Darryl Matthews attended the Newark School of Fine and Industrial Art in Newark, New Jersey. He became interested in art as a child, and by age 11, he had discovered his passion for creating vibrant artwork. His professional career has spanned over four decades, including work as a storyboard artist, children’s book illustrator, family portrait artist, live event artist, and private art instructor. It was at Third Power Marketing & Development, Inc. that he sharpened his skills as a storyboard artist, producing black and white storyboards which were used in advertising development with PSE&G in Newark. Darryl was also contracted by R. W. Johnson Pharmaceutical Research Institute in La Jolla, California to create two paintings, which were displayed at that location. The lobby of KUSI-TV in San Diego was also home to one of Darryl’s paintings. In 1998, Darryl had the honor of being admitted to the La Jolla Art Society and received recognition for his “Sports Figures” illustrations. Darryl's work can be found in private collections throughout the United States.
Meet the Artist
Q: You’re a multi-faceted artist working in several different visual mediums, including oils, pastels, acrylic and watercolors. How have you managed to master such a variety of skills?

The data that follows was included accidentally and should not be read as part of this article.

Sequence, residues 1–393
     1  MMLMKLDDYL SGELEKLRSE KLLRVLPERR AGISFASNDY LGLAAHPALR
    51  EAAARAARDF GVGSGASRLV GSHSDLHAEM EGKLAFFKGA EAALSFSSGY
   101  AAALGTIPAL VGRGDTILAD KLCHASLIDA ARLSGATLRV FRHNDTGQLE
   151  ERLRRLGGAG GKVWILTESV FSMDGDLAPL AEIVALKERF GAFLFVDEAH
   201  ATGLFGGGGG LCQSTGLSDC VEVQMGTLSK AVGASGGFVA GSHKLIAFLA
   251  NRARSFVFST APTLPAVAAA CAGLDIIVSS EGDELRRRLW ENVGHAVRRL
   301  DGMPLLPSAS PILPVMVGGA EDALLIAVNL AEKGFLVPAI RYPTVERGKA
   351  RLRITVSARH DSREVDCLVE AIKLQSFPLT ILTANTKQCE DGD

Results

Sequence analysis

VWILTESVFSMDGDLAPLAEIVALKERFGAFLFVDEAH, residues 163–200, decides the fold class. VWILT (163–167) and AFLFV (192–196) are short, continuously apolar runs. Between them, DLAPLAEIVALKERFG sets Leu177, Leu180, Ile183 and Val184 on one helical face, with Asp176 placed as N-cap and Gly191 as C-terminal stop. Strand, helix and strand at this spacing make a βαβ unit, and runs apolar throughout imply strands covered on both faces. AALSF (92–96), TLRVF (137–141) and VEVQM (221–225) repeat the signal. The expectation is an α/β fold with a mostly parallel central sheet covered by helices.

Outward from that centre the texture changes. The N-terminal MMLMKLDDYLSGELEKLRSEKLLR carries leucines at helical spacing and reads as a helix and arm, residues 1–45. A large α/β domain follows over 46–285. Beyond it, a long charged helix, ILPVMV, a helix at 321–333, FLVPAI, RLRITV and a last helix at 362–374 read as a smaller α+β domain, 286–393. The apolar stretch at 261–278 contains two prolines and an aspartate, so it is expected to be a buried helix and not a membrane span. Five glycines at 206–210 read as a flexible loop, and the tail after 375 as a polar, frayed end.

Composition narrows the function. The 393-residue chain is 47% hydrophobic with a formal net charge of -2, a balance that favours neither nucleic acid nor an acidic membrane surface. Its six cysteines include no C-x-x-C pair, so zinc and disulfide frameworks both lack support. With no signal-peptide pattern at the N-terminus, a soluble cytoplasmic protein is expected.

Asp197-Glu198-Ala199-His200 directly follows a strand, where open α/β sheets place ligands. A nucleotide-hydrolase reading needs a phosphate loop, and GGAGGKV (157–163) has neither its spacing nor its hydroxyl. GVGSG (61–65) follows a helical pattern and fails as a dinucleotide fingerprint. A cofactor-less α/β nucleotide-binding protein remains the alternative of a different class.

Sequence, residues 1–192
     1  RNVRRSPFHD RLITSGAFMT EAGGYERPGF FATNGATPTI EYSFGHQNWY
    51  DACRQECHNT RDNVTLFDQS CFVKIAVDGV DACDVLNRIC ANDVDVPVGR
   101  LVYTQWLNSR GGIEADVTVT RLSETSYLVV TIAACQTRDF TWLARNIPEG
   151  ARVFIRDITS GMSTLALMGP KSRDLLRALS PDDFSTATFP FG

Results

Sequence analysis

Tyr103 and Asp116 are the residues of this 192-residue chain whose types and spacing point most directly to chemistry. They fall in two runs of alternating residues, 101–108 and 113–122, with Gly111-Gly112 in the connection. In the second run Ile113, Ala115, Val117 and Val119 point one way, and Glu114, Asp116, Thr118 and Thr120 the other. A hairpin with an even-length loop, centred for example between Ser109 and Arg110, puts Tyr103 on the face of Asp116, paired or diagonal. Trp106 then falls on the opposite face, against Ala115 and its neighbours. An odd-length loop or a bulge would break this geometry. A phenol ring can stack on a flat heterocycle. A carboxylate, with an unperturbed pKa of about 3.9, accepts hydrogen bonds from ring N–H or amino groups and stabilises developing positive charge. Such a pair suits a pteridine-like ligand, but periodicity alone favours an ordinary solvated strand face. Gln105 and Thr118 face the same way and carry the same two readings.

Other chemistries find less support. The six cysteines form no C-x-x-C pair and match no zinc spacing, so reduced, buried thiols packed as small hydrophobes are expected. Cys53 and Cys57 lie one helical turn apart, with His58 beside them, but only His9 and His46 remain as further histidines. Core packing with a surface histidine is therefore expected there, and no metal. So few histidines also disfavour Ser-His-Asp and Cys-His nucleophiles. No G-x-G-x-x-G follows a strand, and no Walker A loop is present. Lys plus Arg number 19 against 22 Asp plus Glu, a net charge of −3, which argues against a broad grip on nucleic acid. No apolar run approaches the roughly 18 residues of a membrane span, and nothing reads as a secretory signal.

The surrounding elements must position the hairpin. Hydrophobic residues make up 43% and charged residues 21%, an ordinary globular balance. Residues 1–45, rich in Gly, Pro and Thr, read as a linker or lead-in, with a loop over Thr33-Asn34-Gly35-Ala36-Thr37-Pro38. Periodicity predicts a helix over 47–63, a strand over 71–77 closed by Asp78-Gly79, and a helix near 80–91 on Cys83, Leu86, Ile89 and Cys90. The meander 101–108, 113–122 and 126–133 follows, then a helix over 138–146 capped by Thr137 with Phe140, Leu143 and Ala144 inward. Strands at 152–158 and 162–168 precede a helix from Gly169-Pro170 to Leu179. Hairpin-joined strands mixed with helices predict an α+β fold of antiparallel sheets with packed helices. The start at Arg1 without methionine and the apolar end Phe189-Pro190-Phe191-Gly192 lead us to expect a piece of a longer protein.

MATTHEWS: I have always been curious about various mediums. That curiosity and a desire to be versatile is what leads me to create many different types of art.
Q: Do you have a favorite piece that you’ve created?
MATTHEWS: My favorites pieces are ones that show action and emotion. So, anything related to sports, dance, human anatomy.
Q: How do you go about choosing a subject?
MATTHEWS: I focus on something that interests me. That could be sports, martial arts, sci-fi, television, movies.
Q: What little known fact(s) would you like to share?
MATTHEWS: I am the son of a Negro Leagues baseball player. My father Francis Oliver “Fran” Matthews passed away in the late 1990s, but he had a long career in the Negro National League, playing for the Newark Eagles.
Also, I once designed t-shirts for actor Van Williams of the 1966 “Green Hornets” television show.
Q: What do you think catches the eye of someone who views your work for the first time?
MATTHEWS: Generally, it’s the colors that I’ve used. And people often feel an emotional connection to my work as well.
Q: If you hadn’t become an artist, what career path would you have followed?
MATTHEWS: I would have become an actor, working in film and television. I would have also considered doing voice-over work for commercials and animated films, or being a DJ.
Q: Why do you love what you do?
MATTHEWS: No other single subject offers as much opportunity to be creative with the gift I am blessed to have.